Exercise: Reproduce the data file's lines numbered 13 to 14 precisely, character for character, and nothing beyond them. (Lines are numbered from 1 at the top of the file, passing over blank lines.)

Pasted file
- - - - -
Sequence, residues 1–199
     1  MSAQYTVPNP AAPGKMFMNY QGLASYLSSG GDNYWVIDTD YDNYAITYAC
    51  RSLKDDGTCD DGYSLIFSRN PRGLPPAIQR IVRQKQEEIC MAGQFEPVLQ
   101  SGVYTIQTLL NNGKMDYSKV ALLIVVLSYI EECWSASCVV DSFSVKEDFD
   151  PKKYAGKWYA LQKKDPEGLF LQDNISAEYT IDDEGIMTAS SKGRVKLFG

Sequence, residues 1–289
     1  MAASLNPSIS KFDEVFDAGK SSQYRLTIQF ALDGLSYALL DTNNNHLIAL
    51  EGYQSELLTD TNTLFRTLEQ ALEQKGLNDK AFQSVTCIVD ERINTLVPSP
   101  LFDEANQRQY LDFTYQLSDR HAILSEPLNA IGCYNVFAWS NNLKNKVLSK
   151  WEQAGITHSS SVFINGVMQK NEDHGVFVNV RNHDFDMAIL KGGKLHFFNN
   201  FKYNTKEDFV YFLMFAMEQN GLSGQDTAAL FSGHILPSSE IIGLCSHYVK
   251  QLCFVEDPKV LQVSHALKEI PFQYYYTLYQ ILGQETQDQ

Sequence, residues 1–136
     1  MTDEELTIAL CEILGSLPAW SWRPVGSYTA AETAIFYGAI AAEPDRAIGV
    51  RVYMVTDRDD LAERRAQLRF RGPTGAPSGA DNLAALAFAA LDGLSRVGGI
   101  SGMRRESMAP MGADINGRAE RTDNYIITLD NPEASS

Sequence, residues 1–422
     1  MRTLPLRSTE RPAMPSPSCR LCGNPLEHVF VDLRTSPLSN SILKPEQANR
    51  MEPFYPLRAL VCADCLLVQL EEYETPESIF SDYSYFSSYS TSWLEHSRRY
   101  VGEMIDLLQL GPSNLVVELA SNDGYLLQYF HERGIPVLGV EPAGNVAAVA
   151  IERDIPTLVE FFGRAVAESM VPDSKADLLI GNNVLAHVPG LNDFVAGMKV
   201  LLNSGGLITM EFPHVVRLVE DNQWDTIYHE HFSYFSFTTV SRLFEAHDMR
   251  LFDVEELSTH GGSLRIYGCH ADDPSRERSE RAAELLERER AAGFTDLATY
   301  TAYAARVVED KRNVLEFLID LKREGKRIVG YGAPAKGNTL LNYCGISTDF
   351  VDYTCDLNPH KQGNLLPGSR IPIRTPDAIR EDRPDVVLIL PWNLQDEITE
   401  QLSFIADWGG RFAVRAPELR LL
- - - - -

Sequence, residues 1–136
     1  MTDEELTIAL CEILGSLPAW SWRPVGSYTA AETAIFYGAI AAEPDRAIGV